For me, acquiring experience in case law, and studying international law with a U.S. perspective are some of the program’s most valuable features. Not only does Fletcher’s LL.M. program cover a broader international legal range than other U.S. LL.M. programs to which I had considered applying, but it also offers students trained in civil law exposure to the common law system. I indeed find it fascinating to compare how universal legal concepts are interpreted from one system to the other. Some of my classmates and I never missed post-lecture opportunities to assail Professor Cerone with comments and questions on why legal theory is so different in the U.S., which made for quite heated yet entertaining fall-semester discussions!
The small number of students in the program permits frequent interactions with our faculty, which in turn, makes it easy to receive personalized guidance on course choices and professional goals. In speaking of the latter, our recent Office of Career Services-sponsored trip to New York introduced those of us interested in the legal profession to the UN Office of Legal Affairs (codification division) and to UN Women, dedicated to gender empowerment, among other organizations. Learning about the types of careers available to students of a discipline as abstract as international law has most definitely helped me choose my second semester classes accordingly.
I was not sure what to expect from world class faculty and my fellow students last semester, nor did I have a definite idea of what, as the recipient of a foreign law degree, was expected of me. Though I had decided what area of international law would become my field of expertise before applying to the Fletcher School, the variety of courses from which I could choose triggered a moment of panic. For a few days after classes began, it seemed that in picking classes in each division, to fulfill the breadth requirement, I was set to study topics with little to no relevance to traditional legal training. Apples and oranges in an academic setting.
Creating a personalized curriculum
The breadth of options turned out to work to my advantage, however, as it allowed me to tailor my curriculum to my academic and professional needs, while remaining within the requirements of the LL.M. program. My interest in human rights, protection of vulnerable groups in conflicts, and refugees’ and women’s issues prompted me to choose Professor Hannum’s International Human Rights Law, Professor Cerone’s International Humanitarian Law, Professors Mazurana and Stites’ Gender in Complex Humanitarian Emergencies, and to cross-register for a course in international refugee law at Harvard Law School. A corresponding practical apprenticeship at the Boston branch of the Harvard Immigration and Refugee Clinic doubled my course load, but the privilege of working on gender asylum cases added a real-life component to theory and increased my familiarity with the U.S. judicial system.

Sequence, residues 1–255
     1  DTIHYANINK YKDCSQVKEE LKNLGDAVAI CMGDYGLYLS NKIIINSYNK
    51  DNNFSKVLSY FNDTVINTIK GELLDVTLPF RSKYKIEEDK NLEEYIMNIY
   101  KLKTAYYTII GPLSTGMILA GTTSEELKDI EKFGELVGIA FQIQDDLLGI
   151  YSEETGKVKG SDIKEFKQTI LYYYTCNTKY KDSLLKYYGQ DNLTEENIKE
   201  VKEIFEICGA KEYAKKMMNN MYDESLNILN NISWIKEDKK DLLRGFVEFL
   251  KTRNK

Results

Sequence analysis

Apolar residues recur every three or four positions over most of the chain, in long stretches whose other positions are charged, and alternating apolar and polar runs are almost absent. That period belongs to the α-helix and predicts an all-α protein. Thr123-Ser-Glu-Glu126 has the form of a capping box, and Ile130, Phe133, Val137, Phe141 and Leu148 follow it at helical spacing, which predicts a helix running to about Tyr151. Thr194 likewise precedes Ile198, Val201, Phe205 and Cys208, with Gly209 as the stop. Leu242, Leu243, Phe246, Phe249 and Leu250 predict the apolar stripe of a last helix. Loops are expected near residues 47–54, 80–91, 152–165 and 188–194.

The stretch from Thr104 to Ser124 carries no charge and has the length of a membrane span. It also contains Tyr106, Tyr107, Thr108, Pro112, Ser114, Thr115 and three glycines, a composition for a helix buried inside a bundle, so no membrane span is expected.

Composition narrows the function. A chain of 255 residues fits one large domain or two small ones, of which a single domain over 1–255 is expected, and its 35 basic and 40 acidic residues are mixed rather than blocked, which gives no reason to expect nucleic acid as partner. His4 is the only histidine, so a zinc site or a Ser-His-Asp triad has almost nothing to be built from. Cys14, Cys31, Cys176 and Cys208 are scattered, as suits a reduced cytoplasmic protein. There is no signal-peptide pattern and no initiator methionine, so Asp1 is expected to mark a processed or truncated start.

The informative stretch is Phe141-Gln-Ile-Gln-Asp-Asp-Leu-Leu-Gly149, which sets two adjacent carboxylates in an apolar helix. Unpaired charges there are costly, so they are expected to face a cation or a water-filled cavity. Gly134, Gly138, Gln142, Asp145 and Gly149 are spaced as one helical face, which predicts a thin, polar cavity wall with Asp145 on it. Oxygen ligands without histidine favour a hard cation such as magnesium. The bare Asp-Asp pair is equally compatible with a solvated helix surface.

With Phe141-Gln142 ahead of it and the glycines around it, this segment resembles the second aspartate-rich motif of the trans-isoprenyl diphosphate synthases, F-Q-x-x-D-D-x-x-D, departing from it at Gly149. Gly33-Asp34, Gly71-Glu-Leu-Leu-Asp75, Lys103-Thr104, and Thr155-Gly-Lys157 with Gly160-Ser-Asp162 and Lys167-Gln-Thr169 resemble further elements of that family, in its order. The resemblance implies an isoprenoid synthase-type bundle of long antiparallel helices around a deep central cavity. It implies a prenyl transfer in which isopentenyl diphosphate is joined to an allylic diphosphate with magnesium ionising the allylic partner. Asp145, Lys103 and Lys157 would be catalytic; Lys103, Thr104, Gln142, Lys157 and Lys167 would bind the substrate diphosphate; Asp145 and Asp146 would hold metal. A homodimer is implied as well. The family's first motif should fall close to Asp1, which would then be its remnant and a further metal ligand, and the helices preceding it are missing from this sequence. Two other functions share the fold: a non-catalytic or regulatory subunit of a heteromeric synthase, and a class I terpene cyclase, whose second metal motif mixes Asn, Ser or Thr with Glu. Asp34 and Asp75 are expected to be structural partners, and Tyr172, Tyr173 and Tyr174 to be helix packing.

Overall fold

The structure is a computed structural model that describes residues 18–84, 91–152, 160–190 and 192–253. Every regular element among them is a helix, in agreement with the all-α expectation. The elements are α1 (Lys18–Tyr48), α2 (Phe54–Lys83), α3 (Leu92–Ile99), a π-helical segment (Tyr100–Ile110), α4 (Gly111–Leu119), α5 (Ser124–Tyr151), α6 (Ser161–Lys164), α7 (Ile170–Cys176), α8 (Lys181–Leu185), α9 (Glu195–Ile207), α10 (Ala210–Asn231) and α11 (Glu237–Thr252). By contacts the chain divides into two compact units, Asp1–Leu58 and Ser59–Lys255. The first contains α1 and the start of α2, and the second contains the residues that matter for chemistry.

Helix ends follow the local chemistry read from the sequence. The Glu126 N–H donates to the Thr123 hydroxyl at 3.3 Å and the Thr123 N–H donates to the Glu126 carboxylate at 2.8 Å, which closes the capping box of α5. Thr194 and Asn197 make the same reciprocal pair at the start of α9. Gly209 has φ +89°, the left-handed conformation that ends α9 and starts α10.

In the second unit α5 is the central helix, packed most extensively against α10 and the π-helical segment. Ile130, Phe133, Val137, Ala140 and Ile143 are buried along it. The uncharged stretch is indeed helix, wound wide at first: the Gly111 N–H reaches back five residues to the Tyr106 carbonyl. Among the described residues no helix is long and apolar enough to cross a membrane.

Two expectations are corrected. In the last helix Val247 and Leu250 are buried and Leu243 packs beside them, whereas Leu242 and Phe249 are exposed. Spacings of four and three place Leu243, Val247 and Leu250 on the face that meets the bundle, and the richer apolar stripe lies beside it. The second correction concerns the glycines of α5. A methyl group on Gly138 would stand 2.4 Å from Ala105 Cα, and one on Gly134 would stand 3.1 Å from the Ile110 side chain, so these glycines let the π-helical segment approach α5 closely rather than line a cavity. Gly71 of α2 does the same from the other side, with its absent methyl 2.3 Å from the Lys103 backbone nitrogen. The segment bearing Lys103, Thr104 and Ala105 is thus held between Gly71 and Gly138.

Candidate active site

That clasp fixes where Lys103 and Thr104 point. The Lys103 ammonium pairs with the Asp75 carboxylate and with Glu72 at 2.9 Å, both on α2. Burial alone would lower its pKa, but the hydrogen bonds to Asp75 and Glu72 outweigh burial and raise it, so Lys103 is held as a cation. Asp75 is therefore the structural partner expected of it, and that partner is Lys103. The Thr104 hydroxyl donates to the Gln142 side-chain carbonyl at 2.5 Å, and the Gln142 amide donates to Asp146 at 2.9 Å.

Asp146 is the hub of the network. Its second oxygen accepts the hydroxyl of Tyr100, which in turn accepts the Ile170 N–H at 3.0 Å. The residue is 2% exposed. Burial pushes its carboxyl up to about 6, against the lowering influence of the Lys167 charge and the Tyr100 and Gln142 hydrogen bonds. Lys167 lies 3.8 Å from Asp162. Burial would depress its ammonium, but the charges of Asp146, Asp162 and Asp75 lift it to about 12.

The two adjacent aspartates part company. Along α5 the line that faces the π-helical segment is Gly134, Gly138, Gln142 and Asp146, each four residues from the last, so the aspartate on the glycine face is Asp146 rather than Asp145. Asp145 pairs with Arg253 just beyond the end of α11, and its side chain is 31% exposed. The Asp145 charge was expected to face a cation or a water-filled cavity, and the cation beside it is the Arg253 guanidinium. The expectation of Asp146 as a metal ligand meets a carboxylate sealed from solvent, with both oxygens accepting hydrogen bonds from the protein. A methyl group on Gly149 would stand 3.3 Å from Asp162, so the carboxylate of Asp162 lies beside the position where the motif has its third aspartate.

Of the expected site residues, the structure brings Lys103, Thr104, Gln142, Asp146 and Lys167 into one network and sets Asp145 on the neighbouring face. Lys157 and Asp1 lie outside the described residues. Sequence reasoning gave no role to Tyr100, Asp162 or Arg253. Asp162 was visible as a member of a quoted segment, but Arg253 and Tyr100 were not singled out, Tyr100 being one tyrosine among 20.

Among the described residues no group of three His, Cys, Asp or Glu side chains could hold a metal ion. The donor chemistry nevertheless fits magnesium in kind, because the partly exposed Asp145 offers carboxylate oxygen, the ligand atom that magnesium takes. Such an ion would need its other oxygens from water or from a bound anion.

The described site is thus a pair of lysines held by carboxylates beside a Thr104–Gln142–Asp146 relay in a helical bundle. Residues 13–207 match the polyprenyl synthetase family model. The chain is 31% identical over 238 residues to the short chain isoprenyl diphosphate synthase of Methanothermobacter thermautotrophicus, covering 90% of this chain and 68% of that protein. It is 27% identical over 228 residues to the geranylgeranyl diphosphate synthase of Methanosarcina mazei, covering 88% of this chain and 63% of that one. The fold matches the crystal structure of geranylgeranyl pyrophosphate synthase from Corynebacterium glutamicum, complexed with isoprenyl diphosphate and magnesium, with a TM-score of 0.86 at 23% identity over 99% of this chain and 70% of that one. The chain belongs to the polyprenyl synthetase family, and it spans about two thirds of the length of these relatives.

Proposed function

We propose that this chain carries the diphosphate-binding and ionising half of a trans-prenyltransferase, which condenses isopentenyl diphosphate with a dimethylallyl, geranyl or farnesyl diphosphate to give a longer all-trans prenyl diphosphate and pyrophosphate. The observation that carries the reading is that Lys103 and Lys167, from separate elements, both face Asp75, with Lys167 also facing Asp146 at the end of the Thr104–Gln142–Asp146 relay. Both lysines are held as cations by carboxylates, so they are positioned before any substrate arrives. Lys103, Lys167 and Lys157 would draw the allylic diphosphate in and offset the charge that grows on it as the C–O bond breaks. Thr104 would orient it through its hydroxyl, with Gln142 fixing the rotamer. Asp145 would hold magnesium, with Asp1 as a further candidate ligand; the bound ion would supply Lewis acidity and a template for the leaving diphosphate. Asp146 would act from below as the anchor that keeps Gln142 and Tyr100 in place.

This was how I was able to understand how seemingly unrelated disciplines and course content can reconcile into a multi-faceted perspective on law. By graduation, I will have learned to legally analyze human security through gender and economic lenses, and to paint a legal triptych comprising human rights, humanitarian, and refugee law panels with gendered shades and nuances.
As it turns out, apples and oranges do mix, sometimes…
An annual Fletcher tradition is the “Faculty and Staff Waits on You” dinner, which is pretty much what it sounds like. And an annual tradition of the event is the auction of, well, all sorts of interesting stuff provided by the community. And a tradition of the auction is to provide the funds raised to a worthy organization. This year, the funds went to AYO, an NGO with which a 2012 LLM graduate, Sevan Karian, is working. Sevan contacted me recently with information about AYO and the auction. I asked him to tell me more.
AYO means “YES” in Armenian (and could also mean “Armenian Youth Organization”). This is the new name we’ve just chosen on the occasion of the 100th anniversary of our organization. Today, AYO’s mission is to help the unprivileged kids of Armenia through education programs, using sports and arts as tools for their development.
AYO builds or improves schools, orphanages, and kindergartens in very poor and remote villages of the country, as well as the infrastructure to practice sports and arts around these buildings. In addition, AYO organizes summer camps every year in these villages, thanks to dozens of volunteers coming from France and elsewhere to spend a month with the children to teach them new skills. This video tells AYO’s story:
I became involved in AYO after 2005, when I had lived with indigenous communities in southern Mexico (Chiapas). I realized that I really wanted to be involved with a development aid organization in order to help people, and particularly children, in need. Back in Paris, I met by chance with the former leaders of AYO. They were looking for young people to revitalize this organization, which was falling apart. With a few friends, I devoted my free time over the next five years — when I was a law student and then a lawyer — to restructuring the organization, restoring contact with local populations in Armenia, as well as finding and organizing new projects in poor villages, which have taken place every summer since 2007!
Originally a lawyer in the energy and business sector in Paris, I came to Fletcher in 2011 for the the LLM program and I took the amazing John Hammock’s class on NGO Management and Ethics. This helped me a lot to frame my goals for AYO toward professionalization of the organization, and its expansion. I am now working almost full-time with AYO, trying to find more funds and more projects. Better organized and more efficient, AYO currently has an office in Paris with two interns, two workers in Armenia, and now a branch of the NGO opening in Boston!
I hope we will continue in this way and that AYO will be able to run several construction projects and summer camps in 2013 in Armenia, with the participation of French and also U.S. volunteers!